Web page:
Ten years on from the start of the war, the former prime minister drew parallels with the Syrian crisis to claimed there was a "price for standing aside as well as intervening".
It comes ahead of a BBC Panorama documentary claiming that intelligence used to justify the invasion of Iraq 10 years ago was based on "fabrication" and "wishful thinking".
The programme, to be broadcast on Monday evening, suggests that US and UK security services relied on several pieces
of questionable information, while dismissing others that were contradictory.
It tells how claims from a few sources that Iraq was manufacturing Weapons of Mass Destruction spiralled into apparently sound intelligence used to justify the war.
The war, which started on March 20, 2003, lasted over six years, claimed the lives of 179 UK personnel, more than 100,000 Iraqis, and and cost more than £9 billion.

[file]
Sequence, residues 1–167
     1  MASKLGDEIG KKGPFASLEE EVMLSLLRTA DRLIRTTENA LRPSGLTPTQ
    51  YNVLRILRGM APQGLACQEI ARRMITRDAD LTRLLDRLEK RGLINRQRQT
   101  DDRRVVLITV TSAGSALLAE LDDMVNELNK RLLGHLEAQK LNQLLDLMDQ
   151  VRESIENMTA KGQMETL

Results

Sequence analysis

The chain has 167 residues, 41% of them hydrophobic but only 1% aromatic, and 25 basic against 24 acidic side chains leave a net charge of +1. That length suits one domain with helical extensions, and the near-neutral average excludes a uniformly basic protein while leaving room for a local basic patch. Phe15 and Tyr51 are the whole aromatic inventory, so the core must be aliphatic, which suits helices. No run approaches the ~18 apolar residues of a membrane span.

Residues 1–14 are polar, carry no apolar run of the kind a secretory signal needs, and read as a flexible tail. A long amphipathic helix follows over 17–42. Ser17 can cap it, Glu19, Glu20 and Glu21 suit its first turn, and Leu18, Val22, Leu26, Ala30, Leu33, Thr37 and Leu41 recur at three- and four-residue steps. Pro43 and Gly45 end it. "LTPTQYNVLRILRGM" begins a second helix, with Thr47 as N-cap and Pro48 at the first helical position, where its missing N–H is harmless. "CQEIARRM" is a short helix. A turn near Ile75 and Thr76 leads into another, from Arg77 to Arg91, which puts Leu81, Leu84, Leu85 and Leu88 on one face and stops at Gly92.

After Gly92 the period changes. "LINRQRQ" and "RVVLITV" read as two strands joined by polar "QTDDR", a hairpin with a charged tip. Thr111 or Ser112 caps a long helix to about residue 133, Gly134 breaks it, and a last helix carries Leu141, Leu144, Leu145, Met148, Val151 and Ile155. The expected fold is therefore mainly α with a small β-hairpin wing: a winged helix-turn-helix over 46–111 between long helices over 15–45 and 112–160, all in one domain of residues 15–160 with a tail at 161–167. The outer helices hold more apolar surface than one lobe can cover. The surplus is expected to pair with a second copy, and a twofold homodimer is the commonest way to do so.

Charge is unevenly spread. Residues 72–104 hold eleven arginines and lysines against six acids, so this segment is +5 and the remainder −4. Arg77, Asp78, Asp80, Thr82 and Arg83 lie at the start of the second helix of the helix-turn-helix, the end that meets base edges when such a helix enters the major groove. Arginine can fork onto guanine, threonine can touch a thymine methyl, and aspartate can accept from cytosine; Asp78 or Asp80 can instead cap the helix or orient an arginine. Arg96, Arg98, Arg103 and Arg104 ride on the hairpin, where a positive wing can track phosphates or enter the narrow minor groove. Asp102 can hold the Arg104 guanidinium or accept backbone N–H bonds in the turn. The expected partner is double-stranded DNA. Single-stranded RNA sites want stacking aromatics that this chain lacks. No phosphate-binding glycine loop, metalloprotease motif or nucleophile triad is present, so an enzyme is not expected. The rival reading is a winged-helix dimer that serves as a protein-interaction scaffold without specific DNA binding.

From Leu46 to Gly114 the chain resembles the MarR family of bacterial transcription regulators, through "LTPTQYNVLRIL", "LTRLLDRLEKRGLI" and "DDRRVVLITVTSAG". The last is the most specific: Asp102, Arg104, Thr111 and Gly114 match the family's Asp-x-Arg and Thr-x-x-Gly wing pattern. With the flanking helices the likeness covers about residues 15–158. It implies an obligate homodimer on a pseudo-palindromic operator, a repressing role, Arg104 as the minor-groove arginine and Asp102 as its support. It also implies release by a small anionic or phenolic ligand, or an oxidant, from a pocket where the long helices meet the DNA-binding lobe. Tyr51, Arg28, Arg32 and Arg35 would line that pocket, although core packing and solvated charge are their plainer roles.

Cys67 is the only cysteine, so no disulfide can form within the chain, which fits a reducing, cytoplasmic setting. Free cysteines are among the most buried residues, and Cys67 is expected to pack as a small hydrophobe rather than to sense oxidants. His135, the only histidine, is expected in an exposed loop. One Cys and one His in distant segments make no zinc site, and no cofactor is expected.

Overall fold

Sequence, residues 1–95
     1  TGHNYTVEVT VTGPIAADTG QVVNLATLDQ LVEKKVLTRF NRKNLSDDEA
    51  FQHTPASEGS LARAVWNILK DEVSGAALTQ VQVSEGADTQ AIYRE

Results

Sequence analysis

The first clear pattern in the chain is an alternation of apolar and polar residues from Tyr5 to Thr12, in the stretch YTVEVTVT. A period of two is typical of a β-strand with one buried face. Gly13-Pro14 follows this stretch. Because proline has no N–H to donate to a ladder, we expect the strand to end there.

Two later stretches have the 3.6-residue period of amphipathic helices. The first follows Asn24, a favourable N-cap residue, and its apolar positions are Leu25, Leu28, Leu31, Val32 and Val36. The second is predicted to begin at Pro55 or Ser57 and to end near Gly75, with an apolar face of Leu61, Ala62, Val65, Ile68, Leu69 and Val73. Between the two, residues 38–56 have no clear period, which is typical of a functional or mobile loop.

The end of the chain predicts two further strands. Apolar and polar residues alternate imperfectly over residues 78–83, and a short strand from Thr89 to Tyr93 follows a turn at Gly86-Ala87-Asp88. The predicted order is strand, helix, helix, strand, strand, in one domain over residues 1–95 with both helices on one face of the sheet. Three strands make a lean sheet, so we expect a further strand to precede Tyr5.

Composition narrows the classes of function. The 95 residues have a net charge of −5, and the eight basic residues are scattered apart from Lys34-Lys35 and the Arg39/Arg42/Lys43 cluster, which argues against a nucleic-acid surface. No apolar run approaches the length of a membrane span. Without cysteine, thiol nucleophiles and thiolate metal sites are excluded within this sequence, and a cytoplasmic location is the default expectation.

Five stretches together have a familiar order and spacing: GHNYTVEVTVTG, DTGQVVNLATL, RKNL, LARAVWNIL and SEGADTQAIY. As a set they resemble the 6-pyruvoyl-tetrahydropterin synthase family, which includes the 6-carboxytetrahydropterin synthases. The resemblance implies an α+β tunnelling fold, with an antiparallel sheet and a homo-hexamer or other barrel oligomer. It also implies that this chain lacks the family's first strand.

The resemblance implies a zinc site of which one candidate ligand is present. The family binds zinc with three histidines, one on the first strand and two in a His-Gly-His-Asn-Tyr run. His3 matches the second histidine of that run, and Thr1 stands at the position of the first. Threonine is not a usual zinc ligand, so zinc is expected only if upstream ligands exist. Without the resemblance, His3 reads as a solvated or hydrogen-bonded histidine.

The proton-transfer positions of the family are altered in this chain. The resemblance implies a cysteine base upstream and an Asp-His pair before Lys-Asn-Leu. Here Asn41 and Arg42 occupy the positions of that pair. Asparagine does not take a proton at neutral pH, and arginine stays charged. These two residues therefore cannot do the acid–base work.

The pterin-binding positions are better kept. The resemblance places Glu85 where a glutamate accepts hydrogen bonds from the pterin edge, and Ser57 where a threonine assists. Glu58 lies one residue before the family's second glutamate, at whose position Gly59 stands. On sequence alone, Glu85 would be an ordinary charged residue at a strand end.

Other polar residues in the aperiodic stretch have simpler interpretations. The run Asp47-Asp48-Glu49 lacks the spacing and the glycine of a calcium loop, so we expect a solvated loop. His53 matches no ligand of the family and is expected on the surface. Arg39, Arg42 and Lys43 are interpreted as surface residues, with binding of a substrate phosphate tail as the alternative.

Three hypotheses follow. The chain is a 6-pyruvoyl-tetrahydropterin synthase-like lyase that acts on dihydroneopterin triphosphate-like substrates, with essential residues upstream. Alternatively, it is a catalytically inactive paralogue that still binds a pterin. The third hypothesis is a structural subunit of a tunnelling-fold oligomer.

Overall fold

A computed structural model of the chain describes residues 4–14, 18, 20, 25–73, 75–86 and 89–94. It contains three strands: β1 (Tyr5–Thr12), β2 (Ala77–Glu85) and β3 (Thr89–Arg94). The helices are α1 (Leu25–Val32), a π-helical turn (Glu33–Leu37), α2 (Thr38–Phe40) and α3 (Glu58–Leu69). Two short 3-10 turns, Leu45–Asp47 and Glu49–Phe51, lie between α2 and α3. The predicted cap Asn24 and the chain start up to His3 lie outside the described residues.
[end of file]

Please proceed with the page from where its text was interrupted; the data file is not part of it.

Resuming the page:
Britain ended combat operations in 2009 but a decade on the war remains unfinished business, with ongoing questions about the legality of the invasion, and the conduct of British troops.
In an article for The Sun, Blair wrote: "Ten years on from Iraq, as well as looking at the toughness of the struggle our forces faced there, we should think about what would have happened if we had backed away from removing Saddam.
"Look at what Assad in Syria is doing to his people following the Arab upheavals and the effect on the whole of the Middle East, then think what Saddam would be doing in Iraq and the impact it would have.
"Yes, Iraq still has huge problems. The terrorists still commit their acts of terror. But that is not the whole picture."
He claimed progress had been made in Iraq that would have been impossible under Sadam, who he branded a "brutal disaster for the Iraqi people."
Paying tribute to the Armed Forces, he added: "Their commitment and sacrifice, along with many others, including our American allies and many brave Iraqis, is the reason Iraq has a chance today.
"In a region of turmoil where our interests and security remain linked, that is vital."